Running, like for the pure sake of running, is about my least favorite form of exercise. But what I do like about it is that it gives me a chance to free my mind, literally “get away,” and not think about anything but my breathing and my surroundings and whatever I want.
Recently, I moved to a new city, and my new house is walking/running distance from a local college. I often can’t sneak away to exercise until after dark, and I find that on these nights my path frequently leads to this college campus.
And that’s probably not a coincidence.
No matter how late I go, you see, there are always lights on in the upper offices. Usually just one or two. But that kind of adds to it, somehow. The solitary component. They are alone and I am alone and we are together in our communal solitude.
Because of the angle, looking up several stories, all I can see as I jog by are top bookshelves (deliciously full of books), maybe part of a diploma or two, some plants (possibly), and usually at least a couple interesting-looking souvenirs (from what I imagine are exotic travels).
I hardly ever, if ever, see anyone in these offices. But I know they are in there, and I always imagine that they are doing the most fascinating and creative things: writing novels, exchanging correspondence with far-distant, like-minded scholars (usually, in my mind anyway, in romance languages, in handwriting like calligraphy on expensive and old-looking stationery), reciting poetry, memorizing sonnets. Never mind that they could be just grading mediocre student papers, or playing Solitaire, or maybe they are not even in there at all, and the cleaning crew has simply turned on the light to grab the trash can. I don’t let these latter possibilities sully my imagination’s drifting.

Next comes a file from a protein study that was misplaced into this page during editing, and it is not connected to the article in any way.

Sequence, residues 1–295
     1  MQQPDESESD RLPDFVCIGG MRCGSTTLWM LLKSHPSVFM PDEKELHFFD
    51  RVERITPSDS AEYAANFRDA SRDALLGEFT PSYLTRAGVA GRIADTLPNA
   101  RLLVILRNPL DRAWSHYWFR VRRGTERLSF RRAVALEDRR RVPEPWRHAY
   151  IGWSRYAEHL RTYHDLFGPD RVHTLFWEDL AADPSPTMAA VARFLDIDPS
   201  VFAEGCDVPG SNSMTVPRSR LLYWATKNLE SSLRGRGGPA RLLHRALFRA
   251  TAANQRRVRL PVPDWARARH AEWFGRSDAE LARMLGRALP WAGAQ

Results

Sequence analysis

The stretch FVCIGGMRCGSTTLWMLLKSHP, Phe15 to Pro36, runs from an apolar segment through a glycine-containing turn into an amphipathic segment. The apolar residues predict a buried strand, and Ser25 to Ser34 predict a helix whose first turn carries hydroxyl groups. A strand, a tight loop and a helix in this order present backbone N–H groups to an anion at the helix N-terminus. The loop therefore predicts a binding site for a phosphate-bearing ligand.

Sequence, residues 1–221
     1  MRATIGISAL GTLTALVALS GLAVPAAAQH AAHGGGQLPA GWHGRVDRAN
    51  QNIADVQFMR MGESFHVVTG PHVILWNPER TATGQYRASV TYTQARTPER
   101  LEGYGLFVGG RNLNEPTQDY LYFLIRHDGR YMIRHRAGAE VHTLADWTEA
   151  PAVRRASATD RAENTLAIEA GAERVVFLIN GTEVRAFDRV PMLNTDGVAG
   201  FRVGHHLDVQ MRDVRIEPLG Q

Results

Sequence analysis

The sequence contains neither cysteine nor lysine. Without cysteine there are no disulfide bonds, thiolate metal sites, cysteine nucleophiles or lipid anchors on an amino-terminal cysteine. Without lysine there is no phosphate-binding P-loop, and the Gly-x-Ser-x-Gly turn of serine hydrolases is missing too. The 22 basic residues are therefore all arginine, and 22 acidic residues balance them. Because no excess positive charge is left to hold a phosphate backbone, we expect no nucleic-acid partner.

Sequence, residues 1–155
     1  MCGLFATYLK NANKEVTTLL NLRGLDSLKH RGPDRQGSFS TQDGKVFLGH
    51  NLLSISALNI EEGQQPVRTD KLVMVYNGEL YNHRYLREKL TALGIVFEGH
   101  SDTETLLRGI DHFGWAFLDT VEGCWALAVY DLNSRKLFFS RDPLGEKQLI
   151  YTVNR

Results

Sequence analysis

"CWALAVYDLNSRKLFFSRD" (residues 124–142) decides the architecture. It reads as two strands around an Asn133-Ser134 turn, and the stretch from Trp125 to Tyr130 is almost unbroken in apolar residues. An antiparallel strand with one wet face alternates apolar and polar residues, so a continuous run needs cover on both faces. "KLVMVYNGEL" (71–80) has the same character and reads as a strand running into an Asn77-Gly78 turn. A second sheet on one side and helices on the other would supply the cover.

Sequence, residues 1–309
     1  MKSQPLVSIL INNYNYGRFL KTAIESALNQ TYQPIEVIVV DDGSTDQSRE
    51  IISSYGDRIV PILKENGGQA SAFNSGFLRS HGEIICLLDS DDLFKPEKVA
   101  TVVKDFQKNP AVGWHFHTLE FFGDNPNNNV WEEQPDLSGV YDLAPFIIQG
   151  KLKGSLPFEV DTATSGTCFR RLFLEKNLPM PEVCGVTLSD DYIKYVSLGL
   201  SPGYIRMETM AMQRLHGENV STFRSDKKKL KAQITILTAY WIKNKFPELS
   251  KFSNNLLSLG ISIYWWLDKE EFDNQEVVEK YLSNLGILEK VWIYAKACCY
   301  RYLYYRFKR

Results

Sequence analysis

As I continue my run, there are classrooms too, with lights on too, and here I experience a new kind of jealousy. I always imagine that whatever they are learning in there is enlightening and exciting, and that, as an outsider, passing unhearingly, unparticipatingly by, I am missing out on something special. But I keep running in sweet melancholic reverie.
Why do I feel like I feel? Well, I have always felt this way. I can remember walking home from the library or a late class, when I was myself in college, and seeing similar lonely lights, similar late-night classes, and feeling much the same way I do now. I have never needed the passage of time to experience nostalgia; I can experience it instantly, prospectively even.
These late night runs remind me of my own experience, remind me of other nostalgic passings by. They remind me of what I want to be doing and what my hindsight misses and loves and probably doesn’t perfectly remember. I do hope that, at least sometimes, in those late and lonely hours, there is someone in there thinking creative, magical thoughts and feeling happy and fulfilled and excited and passionately, invigoratingly hopeful.
And I bet, at least sometimes, there is.